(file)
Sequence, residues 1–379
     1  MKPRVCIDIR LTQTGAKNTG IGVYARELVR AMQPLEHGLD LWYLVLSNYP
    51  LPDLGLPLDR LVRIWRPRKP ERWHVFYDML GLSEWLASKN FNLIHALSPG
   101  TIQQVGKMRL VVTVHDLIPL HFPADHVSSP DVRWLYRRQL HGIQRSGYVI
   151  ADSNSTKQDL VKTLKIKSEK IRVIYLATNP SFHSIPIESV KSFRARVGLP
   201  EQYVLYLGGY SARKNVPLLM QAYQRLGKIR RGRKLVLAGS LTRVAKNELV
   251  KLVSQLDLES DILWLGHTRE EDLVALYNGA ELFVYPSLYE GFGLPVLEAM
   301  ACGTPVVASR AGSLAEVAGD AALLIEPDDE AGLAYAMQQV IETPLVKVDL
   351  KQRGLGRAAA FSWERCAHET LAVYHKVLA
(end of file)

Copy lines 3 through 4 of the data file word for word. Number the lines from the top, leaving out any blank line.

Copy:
    51  LPDLGLPLDR LVRIWRPRKP ERWHVFYDML GLSEWLASKN FNLIHALSPG
   101  TIQQVGKMRL VVTVHDLIPL HFPADHVSSP DVRWLYRRQL HGIQRSGYVI